Lipoid Pneumonia



Lipoid Pneumonia


Helen T. Winer-Muram, MD










Axial CECT shows the typical features of chronic lipoid pneumonia with an irregular mass-like opacity in the left lower lobe image.






Axial CECT in the same patient at the same level shows that the consolidation contains focal fat image on mediastinal windows.


TERMINOLOGY


Abbreviations and Synonyms



  • Endogenous lipid pneumonia (“golden pneumonia”) and exogenous lipid pneumonia


Definitions



  • Endogenous lipid pneumonia: Accumulation of lipid containing macrophages secondary to airway obstruction


  • Exogenous lipid pneumonia: Aspiration or inhalation of animal, vegetable, or mineral oils


IMAGING FINDINGS


General Features



  • Best diagnostic clue: Low CT attenuation areas (between -10 and -150 Hounsfield units) in consolidated lung


  • Patient position/location: Exogenous: Gravity-dependent areas and right middle lobe (RML)


CT Findings



  • Endogenous: Lipid-laden macrophages show no fatty attenuation at CT


  • Controlled exogenous lipoid aspiration in animal models, sequence of events



    • Initial: Predominant ground-glass opacities in centrilobular (less aspiration) or panlobular distribution (more aspiration)



      • HU of attenuated material low (close to attenuation of original material, -150 HU)


    • 1 week: Aspirated segment increases in density to frank consolidation



      • HU of affected segment increases (may be all water density)


    • 2-4 weeks: Aspirated segment decreases in density, returns to primarily ground-glass opacities



      • “Crazy-paving” pattern evolves during this time (due to macrophage and inflammatory cell migration to interstitial lymphatics)


      • HU of attenuated segment again decreases


      • Ground-glass opacities may completely resolve, leaving smooth interlobular septal thickening



    • 2-4 months: As ground-glass opacities evolve, fibrosis develops, volume loss (up to 50% of affected segment) common



      • Volume loss signs include vascular crowding, traction bronchiectasis, fissural displacement


    • Clinical cases will mirror this experimental sequence of events



      • Consolidation most common finding (90%)


      • Fat attenuation (80%) (fat not seen in all cases)


      • Ground-glass opacities (50%)


      • “Crazy-paving” pattern (33%)


      • Irregular-shaped mass (66%)


  • Acute vs. chronic aspiration, findings often overlap



    • Small effusions common in acute (50%), not seen with chronic


    • Masses more common in chronic (66%), not seen with acute aspiration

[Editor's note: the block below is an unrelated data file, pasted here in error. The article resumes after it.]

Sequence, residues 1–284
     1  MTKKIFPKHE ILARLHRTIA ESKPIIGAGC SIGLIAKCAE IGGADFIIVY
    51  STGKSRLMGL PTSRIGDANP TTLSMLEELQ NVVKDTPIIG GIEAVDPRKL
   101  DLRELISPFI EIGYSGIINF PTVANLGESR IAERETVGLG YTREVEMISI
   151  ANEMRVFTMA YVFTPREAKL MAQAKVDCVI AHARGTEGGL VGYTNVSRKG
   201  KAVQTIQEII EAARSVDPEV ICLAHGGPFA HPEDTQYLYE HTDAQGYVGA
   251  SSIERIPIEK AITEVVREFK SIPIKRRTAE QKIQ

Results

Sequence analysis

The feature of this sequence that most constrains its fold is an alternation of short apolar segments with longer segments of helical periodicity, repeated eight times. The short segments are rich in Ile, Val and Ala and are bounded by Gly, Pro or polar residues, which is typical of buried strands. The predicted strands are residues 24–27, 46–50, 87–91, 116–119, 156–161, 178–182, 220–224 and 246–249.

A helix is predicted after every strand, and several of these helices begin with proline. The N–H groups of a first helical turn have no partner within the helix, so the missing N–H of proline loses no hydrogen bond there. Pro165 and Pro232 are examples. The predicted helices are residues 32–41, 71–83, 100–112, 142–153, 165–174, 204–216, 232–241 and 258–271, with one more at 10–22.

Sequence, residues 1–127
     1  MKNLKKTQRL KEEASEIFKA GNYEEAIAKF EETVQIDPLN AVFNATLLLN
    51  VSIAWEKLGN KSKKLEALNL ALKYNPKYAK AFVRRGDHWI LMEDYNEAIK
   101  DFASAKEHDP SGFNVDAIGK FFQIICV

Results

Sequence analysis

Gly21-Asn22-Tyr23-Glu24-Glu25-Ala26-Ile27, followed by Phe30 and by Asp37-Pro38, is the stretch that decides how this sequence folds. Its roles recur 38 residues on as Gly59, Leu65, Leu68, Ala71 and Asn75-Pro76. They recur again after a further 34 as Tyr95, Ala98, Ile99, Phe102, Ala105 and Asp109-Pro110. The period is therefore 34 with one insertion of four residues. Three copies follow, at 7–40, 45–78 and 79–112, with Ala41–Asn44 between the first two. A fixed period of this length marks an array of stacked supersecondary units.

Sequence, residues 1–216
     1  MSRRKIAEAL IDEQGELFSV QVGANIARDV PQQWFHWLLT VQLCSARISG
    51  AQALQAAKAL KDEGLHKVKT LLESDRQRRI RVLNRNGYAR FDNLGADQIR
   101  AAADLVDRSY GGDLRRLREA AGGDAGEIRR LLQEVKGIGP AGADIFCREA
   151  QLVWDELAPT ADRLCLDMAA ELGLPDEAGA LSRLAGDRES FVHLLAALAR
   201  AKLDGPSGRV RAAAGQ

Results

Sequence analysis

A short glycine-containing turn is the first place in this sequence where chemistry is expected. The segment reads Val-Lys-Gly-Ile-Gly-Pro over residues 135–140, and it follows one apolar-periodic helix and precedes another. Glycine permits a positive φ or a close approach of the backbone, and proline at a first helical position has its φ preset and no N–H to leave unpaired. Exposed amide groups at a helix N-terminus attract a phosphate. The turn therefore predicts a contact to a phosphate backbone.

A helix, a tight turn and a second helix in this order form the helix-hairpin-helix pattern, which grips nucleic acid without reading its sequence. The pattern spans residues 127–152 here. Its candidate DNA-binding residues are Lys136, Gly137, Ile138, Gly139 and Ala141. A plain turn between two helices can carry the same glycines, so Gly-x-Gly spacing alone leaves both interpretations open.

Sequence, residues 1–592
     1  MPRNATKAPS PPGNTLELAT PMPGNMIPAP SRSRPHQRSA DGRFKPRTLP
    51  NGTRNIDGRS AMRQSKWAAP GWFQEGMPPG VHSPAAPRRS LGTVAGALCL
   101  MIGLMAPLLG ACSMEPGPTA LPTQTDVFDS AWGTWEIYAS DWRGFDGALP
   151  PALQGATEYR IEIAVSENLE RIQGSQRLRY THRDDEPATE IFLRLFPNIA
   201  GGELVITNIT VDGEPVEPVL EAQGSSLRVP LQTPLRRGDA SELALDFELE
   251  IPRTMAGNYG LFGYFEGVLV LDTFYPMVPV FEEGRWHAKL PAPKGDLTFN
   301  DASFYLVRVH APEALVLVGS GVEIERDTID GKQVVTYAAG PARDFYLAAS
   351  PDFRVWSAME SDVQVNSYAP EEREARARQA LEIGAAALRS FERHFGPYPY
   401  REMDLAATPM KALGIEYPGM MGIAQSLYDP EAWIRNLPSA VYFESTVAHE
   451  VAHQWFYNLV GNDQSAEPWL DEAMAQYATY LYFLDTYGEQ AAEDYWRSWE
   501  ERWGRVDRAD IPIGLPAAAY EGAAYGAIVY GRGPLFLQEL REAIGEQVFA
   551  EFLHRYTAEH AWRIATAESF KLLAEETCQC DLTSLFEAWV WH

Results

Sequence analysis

• Signs of volume loss more common in chronic (80%) vs. acute (25%)


  • Fat attenuation



    • Seen with both acute and chronic lipoid aspiration


    • Acute may have larger volume of low attenuation material



      • Fat may shift to dependent lung with postural change


    • Chronic mass-like areas of aspiration often have smaller (< 10% total volume) foci of fat attenuation


    • 15-20% will not have fat attenuation



      • Percentage may actually be smaller with routine use of MDCT and thin-collimation


    • Partial volume artifact of abnormal lung admixed with air may give false-positive fat attenuation


  • Distribution



    • Gravity dependent: Posterior segments of upper lobes and superior segments of lower lobes in supine position, basilar segments in upright position


    • Right middle lobe also common for unknown reason


  • Resolution



    • Acute aspiration usually improves (80%) but rarely clears completely


    • Chronic aspiration usually stable and indolent over time


  • Complications



    • Superinfection with atypical mycobacteria (usually M. fortuitum)



      • Suspect if have cavitated nodules


    • Occasional reports of bronchogenic carcinoma developing in chronic aspiration



      • Suspect if mass enlarging or cavitation


  • Fire-eater’s pneumonia



    • Unique form of lipoid pneumonia due to aspiration of paraffin hydrocarbons used to fuel fire


    • Aspiration results in acute lipoid pneumonia


    • Besides fat attenuation in lung, often develop pneumatoceles


Radiographic Findings



  • Radiography



    • Radiographic appearance nonspecific, either consolidation or interstitial opacities


    • Prominent mass leads to workup for presumptive diagnosis of bronchogenic carcinoma


MR Findings



  • May show fat: High T1 and T2 signal or demonstrate chemical shift on in-out phase T1-weighted imaging



    • Hemorrhage (if acute animal fat ingestion) will also be high at T1- and T2-weighted imaging


Imaging Recommendations



  • Best imaging tool



    • CT is best imaging tool to characterize lesions for presence of fatty component


    • Unknown whether MR more sensitive for fat


Nuclear Medicine Findings



  • PET: Chronic mass lesions often PET positive, mistaken as bronchogenic carcinoma if fat not specifically looked for at CT



DIFFERENTIAL DIAGNOSIS


Other Intrathoracic Lesions Containing Fat

Sep 20, 2016 | Posted by in RESPIRATORY IMAGING | Comments Off on Lipoid Pneumonia
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